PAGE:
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Les Nabis

Les Nabis (from the French “le nabi”) was a young collective of French artists active in Paris between 1888 and 1900. Fresh, dynamic and keen to challenge traditional artistic notions, they played a substantial part in the transition from academic art and impressionism to symbolism, abstract art and many other early modern art movements. Members of the original group included Maurice Denis, Édouard Vuillard, Pierre Bonnard, Paul Ranson, Félix Vallotton, Ker-Xavier Roussel and Paul Sérusier. Most of them were students in the late 1880s at Paris’ Académie Julian.

In October 1888 Paul Sérusier had travelled to Pont-Aven, and guided by Paul Gauguin, he created a small painting of the port on wood. It was composed of areas of vivid colour, elegantly worked together to encapsulate the essence of the port and its atmosphere. The group named this inaugural Nabis piece “The Talisman” and in time it went on to became one of the most famous pieces of 20th century art.

Les Nabis artists shared a common appreciation for the work of Paul Cézanne and Paul Gauguin and were driven by a desire to renew the art of painting. However, each artist varied noticeably in their unique and individual style. The group believed that works of art should not merely depict nature, but instead should work in harmony as a collective of symbols and metaphors conjured up by the artists themselves.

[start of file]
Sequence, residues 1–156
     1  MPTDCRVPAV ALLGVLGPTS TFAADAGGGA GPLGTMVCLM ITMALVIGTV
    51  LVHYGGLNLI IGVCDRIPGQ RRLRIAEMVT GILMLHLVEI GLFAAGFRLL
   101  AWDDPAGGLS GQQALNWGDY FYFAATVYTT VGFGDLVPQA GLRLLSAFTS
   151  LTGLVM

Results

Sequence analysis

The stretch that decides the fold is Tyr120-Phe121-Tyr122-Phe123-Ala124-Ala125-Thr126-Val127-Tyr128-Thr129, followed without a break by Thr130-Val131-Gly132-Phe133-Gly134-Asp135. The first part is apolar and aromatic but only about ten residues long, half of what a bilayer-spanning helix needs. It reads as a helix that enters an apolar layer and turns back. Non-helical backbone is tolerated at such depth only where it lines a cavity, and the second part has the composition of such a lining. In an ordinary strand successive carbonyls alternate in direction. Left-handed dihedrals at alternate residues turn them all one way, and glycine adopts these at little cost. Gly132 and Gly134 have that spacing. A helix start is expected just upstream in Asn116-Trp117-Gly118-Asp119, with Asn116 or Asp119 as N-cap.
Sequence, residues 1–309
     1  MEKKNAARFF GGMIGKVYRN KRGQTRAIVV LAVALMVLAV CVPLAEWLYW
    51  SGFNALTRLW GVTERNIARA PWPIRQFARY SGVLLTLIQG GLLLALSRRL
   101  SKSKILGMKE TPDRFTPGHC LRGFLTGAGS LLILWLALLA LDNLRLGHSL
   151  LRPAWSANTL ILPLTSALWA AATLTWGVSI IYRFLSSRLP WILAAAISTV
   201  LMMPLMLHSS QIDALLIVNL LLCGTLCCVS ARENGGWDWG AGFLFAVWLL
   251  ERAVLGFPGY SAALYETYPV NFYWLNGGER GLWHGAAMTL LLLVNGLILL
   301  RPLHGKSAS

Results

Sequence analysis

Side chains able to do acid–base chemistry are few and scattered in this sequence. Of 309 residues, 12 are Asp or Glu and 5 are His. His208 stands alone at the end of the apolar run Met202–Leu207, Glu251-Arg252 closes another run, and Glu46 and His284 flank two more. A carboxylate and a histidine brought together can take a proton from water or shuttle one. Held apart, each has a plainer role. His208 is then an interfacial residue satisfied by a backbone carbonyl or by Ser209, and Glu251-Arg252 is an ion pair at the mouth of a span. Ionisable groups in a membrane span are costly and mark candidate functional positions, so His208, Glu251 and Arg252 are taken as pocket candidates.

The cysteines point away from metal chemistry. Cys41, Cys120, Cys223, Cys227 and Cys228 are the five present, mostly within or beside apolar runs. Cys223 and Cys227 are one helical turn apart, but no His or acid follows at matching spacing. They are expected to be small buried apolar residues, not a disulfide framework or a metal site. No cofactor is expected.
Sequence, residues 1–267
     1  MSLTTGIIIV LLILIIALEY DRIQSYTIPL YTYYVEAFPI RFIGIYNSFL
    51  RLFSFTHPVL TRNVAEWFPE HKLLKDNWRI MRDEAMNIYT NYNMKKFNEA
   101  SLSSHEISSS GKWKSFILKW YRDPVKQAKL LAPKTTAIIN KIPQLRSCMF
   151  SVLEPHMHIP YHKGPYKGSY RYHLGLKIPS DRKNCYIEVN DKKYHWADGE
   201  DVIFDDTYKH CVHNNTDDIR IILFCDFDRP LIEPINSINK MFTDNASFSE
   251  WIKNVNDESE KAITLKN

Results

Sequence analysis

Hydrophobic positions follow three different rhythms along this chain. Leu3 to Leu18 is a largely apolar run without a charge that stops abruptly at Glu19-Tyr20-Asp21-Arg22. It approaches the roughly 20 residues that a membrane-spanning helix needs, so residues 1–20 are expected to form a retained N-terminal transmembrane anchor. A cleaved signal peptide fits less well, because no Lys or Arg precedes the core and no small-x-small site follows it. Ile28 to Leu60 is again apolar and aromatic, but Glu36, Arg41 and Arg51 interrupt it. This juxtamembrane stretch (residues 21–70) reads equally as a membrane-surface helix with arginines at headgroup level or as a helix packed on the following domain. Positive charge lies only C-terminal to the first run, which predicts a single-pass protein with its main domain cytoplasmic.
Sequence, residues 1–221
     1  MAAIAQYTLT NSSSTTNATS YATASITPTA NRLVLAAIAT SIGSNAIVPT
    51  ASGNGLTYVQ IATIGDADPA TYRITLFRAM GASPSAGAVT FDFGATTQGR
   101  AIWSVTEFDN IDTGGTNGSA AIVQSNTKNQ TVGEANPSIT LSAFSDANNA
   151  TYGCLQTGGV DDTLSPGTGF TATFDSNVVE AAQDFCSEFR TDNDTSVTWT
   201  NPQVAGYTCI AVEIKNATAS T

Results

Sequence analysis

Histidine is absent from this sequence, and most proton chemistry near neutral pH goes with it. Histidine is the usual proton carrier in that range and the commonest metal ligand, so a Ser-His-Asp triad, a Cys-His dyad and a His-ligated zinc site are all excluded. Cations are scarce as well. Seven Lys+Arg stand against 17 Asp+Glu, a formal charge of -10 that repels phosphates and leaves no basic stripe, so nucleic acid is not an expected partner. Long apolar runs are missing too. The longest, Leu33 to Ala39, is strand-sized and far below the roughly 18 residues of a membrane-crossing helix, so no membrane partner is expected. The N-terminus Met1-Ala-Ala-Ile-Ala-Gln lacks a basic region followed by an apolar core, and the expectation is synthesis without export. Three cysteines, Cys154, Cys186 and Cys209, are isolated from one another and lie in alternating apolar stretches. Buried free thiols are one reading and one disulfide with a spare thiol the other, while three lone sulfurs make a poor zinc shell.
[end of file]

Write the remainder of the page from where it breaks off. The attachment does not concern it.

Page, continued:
The name “Les Nabis” originally comes from the Arabic word “nabi” – meaning prophet – as well as the similar word “nebiim” in Hebrew. The term was initially used by linguist Auguste Cazalis, who noted a parallel between the way these artists aimed to revitalise painting (as leaders in modern art) and the way in which the ancient prophets had reinvigorated Israel.

Heavily influenced by the music, literature and theatre of the symbolist movement, the Nabis were somewhat enigmatic and esoteric in nature. Progressive and reformist in their approaches, they turned their backs on the materialistic demands of the new industrial age, and were instead consumed by the poetry of Mallarmé, Edgar Allan Poe and Baudelaire. They were vehemently opposed to the undercurrent of naturalism prevalent in the paintings of Manet and Courbet, as well as in the literature of Émile Zola.

One of the group’s most common subjects was of women in an idyllic environment such as a garden setting, often picking fruit or flowers. They were also concerned with religious works, with Maurice Denis often painting themes and depictions taken from the Bible, but with the figures in simplified landscapes and modern costumes, bathed in light – a symbol of faith.

Essentially, the Nabis had a number of key objectives but the main one was in breaking down the barriers between art and everyday life, particularly with regard to the relationship between art and decoration. They designed murals, tapestries, screens, wallpaper, lampshades, dishware, furniture and ornaments, as well as costume design, theatre décor and graphic design for advertising. Indeed, a sizeable number of their artworks were designed specifically to be decorative so it could be displayed in dining rooms and salons, and many limited edition prints are still highly collectable today.

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